50th Anniversary Timeline


Explore a timeline of Capitol Reef National Park's history and the laws that impact the park.

Black and white photo of visitors taking photos of large monoliths.
Charles Kelly documented "Edith Dixon, artist, and party" visiting Cathedral Valley in October 1949, before it was part of Capitol Reef. Cathedral Valley was incorporated into the park in 1969.

NPS/Charles Kelly

1906 - 1970

  • 1906 - Antiquities Act, which allows the President of the United States to establish or expand national monuments.

  • 1916 - NPS Organic Act, which establishes the National Park Service under the Department of the Interior.

  • 1937 - Capitol Reef National Monument established by President Franklin Delano Roosevelt through the Antiquities Act (Presidential Proclamation 2246).

  • 1955-56 - Mission 66 project proposed and then funded by Congress. Leads to the development of Capitol Reef National Monument visitor center.

  • 1958 - President Dwight D. Eisenhower expands Capitol Reef National Monument with Presidential Proclamation 3249.

  • 1963 - Clean Air Act Federal land managers, including the NPS, are required by the Clean Air Act to prevent the significant deterioration of air quality in places of special natural, recreational, scenic, or historic value. Capitol Reef’s pristine night skies are also protected by the Clean Air Act.

  • 1964 - Wilderness Act protects thousands of acres

  • 1964—Loops A and B of the Fruita Campground are built and opened for visitor use.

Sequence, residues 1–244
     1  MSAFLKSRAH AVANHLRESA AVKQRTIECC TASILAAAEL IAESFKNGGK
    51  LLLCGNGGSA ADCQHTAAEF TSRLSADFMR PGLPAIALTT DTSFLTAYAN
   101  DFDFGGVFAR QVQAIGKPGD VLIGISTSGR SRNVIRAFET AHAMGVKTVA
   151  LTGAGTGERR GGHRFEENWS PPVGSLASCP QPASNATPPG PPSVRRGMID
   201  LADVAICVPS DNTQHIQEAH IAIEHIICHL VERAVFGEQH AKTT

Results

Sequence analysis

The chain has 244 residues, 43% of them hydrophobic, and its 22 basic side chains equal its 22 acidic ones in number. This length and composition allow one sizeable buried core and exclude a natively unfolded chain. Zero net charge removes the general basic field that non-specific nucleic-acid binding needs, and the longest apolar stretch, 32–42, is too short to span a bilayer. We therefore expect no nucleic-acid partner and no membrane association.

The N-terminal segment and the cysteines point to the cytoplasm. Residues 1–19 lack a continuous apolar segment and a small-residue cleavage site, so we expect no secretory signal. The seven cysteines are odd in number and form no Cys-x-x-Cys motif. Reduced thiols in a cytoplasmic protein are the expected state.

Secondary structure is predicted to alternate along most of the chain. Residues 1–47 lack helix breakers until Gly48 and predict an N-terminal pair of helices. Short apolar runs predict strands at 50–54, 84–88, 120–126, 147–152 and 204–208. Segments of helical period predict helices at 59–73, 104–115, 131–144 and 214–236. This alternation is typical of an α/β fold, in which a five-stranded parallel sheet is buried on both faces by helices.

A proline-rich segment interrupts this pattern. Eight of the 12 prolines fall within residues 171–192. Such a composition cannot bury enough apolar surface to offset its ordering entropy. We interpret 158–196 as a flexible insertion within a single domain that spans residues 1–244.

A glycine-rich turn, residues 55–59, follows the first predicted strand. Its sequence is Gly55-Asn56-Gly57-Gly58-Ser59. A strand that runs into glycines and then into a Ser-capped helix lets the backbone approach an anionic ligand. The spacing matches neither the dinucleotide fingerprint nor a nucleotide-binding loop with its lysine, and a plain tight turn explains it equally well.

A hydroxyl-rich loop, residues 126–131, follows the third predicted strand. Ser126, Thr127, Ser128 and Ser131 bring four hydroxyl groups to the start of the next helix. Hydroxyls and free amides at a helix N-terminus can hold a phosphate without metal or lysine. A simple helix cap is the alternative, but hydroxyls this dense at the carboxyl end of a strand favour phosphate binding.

• 1966 - National Historic Preservation Act Provides for the preservation of significant scientific, historic, and archeological material and data that might be lost or destroyed by federally sponsored projects. This law guides and frames what projects are done in Capitol Reef National Park.

  • 1969 - Boundaries of Capitol Reef National Monument expanded by 600% through executive order (Presidential Proclamation 3888 by President Lyndon Baines Johnson).

  • 1969 - Endangered Species Conservation Act (ESCA - predecessor to the Endangered Species Act).

  • 1970 - National Environmental Policy Act (NEPA) requires the federal government to conduct an environmental impact study every time it wants to build, approve, or renovate. This act impacts all potential projects in Capitol Reef.

  • 1970 - Peregrine falcons (found in Capitol Reef) listed as an endangered species (through the ESCA)

Black and white photo of four men and one woman standing in front of stone building with Visitor/ Capitol/ National on it.
People instrumental in advocating for Capitol Reef National Park to be established gathered for a dedication ceremony on April 7, 1972. From the left: Senator Frank Moss; Judy Hamer; Governor Calvin Rampton; Capitol Reef National Park Superintendent William Wallace; & Representative K. Gunn McKay.

NPS/ N. Salisbury

1971 - 1999

  • 1971 - Park visitation is 225,500.

  • December 18, 1971 - Capitol Reef National Park is established by an Act of Congress, Public Law 92-207, signed by President Richard Nixon. The 1969 boundary was again adjusted to the park's current 243,921 acres.